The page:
A D.C. Superior Court jury ruled March 4 that Smiley had violated his PBS contract. On Aug. 5, Judge Yvonne Williams who oversaw the three-week trial heard additional arguments from PBS and determined Smiley must pay PBS $1.9 million in damages associated with his final two seasons with the network, and another $703,000 in losses connected to the network’s underwriters who put up the funds to enable PBS to cover Smiley’s contract.
During the trial, the network had argued that Smiley owed it between $1.5 million and $1.7 million.
In her 10-page ruling, Williams wrote: “The court determines that the amount sought by PBS in liquidated damages is reasonable because it is the amount it paid to produce Season 13 and 14 of ‘The Tavis Smiley Show.’ ”
Smiley’s attorneys could not be reached for comment on Judge Williams’s ruling on the damages.
The harassment accusations and subsequent verdict led to a dizzying downfall for Smiley, 55, who was awarded a star on Hollywood’s Walk of Fame and whose nightly show for 14 years became a must-visit for politicians, actors, singers and authors who also wanted to reach African Americans within PBS’s core adult audience.
The trial was held at D.C. Superior Court because Smiley’s production company, TS Media, while based in Los Angeles, is incorporated in the District.
During the trial, six women testified through video deposition that during their tenure with his company, Smiley had pressured them for sex or told lewd jokes.
Smiley took the stand twice and admitted to having intimate relationships with two of the women. PBS stipulates in its contracts that such relationships among its employees or contractors are prohibited. Smiley testified he never used his position as their boss to pressure or threaten them. He also said any jokes were innocent and not intended to offend.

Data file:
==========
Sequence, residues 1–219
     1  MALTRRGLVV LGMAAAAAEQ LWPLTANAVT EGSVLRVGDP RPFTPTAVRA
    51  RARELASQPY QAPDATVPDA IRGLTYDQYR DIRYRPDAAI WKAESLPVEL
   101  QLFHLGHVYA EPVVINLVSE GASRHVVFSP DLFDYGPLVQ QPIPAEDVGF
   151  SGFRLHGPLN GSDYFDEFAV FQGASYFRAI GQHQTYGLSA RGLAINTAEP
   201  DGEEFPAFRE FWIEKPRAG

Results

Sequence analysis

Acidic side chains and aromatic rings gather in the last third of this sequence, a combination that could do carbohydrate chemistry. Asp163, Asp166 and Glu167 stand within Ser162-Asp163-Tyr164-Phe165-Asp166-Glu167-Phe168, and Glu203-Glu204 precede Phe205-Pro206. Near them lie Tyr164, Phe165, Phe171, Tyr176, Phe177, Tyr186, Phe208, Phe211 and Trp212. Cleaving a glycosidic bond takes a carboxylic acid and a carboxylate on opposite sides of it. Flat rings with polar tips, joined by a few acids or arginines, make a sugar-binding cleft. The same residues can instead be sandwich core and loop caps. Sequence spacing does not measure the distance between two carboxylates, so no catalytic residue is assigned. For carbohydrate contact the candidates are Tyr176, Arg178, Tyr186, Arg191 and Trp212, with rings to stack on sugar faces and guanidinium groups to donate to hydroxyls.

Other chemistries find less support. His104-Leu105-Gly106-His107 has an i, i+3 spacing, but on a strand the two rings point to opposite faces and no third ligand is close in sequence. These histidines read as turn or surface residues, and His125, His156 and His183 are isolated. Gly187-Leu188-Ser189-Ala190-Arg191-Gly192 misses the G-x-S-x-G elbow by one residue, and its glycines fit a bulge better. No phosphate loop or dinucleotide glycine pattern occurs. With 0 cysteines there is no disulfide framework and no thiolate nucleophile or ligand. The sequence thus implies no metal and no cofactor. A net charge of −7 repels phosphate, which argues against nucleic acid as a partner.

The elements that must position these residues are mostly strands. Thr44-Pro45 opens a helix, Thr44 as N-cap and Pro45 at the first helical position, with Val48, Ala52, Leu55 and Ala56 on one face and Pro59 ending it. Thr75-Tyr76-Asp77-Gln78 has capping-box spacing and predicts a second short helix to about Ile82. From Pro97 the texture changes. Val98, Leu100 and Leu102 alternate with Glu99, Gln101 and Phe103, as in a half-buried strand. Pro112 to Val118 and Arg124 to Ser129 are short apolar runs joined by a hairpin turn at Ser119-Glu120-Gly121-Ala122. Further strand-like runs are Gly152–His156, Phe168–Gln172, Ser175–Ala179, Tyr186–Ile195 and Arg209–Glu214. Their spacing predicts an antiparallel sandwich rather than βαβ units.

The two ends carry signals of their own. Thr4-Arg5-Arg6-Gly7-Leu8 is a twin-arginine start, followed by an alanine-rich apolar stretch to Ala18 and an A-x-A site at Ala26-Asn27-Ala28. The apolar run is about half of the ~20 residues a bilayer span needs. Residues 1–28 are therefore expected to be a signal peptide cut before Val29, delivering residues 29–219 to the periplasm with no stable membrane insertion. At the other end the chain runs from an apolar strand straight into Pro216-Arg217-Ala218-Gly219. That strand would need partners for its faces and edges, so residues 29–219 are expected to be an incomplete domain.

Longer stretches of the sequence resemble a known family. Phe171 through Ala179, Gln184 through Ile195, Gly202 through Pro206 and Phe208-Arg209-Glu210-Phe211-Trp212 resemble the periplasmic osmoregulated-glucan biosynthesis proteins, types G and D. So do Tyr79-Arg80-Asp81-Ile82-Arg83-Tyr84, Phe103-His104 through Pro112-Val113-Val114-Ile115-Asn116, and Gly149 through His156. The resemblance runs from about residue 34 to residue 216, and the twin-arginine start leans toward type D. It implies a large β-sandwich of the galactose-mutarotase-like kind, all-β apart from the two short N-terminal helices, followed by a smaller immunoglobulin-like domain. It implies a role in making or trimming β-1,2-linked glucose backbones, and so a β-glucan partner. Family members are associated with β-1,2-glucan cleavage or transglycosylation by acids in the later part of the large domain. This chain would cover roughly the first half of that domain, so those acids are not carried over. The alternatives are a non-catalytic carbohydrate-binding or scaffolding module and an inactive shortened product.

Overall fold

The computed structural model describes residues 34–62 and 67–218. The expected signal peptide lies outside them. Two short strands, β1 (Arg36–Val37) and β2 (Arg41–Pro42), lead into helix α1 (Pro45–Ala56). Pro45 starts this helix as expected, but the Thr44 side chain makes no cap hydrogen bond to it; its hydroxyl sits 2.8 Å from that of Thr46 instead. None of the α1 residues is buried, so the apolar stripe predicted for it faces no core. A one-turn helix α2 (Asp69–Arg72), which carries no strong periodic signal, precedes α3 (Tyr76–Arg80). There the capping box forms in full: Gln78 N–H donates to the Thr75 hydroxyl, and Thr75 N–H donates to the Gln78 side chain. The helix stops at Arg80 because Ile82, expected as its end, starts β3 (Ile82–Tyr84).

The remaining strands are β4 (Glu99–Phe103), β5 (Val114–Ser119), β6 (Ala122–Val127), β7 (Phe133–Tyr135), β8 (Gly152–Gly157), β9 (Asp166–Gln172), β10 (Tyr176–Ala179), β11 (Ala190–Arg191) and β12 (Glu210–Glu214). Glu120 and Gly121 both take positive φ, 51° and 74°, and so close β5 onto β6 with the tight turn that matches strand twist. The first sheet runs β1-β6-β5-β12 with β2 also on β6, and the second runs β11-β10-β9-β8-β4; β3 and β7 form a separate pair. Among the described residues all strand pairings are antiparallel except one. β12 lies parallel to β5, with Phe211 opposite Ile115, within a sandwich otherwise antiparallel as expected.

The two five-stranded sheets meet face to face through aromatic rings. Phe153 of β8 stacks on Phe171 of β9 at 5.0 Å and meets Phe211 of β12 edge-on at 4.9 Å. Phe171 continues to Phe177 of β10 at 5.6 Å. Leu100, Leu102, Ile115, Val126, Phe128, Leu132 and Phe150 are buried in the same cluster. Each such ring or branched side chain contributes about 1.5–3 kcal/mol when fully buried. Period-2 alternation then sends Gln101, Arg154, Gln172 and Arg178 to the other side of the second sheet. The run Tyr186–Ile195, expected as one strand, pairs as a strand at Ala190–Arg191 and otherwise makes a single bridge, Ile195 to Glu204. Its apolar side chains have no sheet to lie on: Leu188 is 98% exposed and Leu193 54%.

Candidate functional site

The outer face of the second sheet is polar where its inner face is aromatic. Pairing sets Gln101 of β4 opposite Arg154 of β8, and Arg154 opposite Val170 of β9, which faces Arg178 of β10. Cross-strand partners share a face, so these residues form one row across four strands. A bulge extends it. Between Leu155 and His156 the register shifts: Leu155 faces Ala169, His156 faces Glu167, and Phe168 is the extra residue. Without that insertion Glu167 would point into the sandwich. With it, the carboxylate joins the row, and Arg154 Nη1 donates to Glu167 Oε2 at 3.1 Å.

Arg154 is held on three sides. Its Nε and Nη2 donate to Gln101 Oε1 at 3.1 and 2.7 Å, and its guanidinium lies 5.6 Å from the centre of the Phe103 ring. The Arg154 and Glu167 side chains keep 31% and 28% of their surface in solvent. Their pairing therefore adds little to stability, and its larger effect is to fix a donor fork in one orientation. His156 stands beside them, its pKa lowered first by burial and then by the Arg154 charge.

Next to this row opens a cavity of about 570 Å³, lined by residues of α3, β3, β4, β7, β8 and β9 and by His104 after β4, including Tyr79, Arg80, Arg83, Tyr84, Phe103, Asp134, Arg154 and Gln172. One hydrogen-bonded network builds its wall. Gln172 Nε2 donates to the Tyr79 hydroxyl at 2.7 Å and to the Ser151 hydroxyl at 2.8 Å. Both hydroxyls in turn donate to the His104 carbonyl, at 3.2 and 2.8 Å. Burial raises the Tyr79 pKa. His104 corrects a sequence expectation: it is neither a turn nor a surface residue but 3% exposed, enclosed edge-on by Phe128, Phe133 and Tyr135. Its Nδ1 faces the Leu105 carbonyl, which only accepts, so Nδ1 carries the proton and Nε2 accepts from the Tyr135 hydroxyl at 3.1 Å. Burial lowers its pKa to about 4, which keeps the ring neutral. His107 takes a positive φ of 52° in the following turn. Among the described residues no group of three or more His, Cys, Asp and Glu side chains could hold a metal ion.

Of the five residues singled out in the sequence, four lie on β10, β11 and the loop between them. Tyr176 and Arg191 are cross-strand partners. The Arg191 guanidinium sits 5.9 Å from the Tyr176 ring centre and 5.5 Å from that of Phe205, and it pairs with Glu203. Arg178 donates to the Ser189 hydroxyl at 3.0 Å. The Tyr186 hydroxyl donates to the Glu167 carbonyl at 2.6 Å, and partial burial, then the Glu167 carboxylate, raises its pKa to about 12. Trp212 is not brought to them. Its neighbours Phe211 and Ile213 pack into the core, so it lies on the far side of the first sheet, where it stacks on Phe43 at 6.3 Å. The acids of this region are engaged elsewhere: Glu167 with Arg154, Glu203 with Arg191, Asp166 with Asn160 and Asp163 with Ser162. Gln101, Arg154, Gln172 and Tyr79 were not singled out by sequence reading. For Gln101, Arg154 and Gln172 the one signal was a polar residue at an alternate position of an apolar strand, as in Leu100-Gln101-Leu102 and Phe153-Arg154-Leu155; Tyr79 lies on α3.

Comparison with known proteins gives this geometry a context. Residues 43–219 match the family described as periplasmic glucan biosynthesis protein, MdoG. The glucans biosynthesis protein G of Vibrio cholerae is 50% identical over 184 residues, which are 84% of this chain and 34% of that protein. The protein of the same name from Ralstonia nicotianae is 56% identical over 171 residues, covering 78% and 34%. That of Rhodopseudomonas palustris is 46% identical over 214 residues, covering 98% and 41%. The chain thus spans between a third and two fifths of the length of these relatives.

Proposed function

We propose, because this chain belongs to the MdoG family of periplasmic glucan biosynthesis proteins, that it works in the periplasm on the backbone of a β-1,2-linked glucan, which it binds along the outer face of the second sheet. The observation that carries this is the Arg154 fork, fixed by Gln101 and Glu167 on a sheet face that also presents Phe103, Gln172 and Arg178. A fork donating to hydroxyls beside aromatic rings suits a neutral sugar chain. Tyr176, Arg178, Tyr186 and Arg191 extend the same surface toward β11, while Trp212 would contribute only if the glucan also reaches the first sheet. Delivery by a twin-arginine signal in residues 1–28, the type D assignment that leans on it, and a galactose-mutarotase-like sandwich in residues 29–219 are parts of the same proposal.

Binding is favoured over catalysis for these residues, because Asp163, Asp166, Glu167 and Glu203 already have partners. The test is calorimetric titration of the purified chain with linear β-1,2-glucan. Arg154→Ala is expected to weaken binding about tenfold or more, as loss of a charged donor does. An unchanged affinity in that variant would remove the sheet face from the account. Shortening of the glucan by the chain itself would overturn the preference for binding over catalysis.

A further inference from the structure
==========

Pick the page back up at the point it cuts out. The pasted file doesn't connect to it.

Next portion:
After about a day and a half of deliberations, the jury of seven men and two women determined Smiley had violated his contract and acted counter to the network’s morals clause, which also prohibited on-air talent from participating in any public behavior that would negatively affect the employee or the network.
After delivering the verdict, several of the jurors said the cumulative testimonies of the women, each providing similar testimony, is what led them to their decision.
One of Smiley’s attorneys, John Rubiner, said then his client planned to appeal.
The case — along with the details of the accusations against Smiley — would not have been made public if he had not sued PBS in 2018 for nearly $1 million. Smiley claimed the network had wrongfully terminated his contract without proof of the allegations. The network hired Washington corporate attorney Grace Speights and countersued.
Smiley was never charged criminally with any crimes based on the women’s accusations.